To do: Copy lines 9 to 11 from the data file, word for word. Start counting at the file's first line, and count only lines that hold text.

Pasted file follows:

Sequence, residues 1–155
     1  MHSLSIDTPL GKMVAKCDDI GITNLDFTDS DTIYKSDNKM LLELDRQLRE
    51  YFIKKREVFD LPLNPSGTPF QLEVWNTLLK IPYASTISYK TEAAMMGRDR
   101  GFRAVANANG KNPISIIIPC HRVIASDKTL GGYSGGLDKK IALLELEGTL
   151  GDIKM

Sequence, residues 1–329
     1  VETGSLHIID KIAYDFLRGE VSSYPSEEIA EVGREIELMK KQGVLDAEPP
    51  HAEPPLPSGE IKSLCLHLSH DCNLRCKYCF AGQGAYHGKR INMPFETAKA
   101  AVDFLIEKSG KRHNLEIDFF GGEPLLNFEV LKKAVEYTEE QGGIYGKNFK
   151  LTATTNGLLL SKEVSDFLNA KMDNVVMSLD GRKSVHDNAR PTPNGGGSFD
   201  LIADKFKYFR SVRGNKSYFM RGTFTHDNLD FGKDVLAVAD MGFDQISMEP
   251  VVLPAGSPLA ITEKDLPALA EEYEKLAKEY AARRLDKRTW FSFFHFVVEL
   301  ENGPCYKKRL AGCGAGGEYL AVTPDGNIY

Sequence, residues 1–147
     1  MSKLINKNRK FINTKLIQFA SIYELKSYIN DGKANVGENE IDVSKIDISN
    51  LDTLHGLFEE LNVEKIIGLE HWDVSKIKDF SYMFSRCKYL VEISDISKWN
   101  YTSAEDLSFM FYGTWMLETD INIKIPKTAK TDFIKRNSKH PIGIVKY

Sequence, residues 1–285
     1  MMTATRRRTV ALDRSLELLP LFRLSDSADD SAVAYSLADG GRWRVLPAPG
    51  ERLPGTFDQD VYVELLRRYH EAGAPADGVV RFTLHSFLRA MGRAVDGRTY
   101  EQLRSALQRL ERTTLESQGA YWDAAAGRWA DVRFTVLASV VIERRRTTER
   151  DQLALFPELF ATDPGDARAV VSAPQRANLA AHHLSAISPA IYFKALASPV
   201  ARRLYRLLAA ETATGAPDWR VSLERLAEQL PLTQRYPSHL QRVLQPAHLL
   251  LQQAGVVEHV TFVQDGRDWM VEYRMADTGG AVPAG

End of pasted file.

   101  AVDFLIEKSG KRHNLEIDFF GGEPLLNFEV LKKAVEYTEE QGGIYGKNFK
   151  LTATTNGLLL SKEVSDFLNA KMDNVVMSLD GRKSVHDNAR PTPNGGGSFD
   201  LIADKFKYFR SVRGNKSYFM RGTFTHDNLD FGKDVLAVAD MGFDQISMEP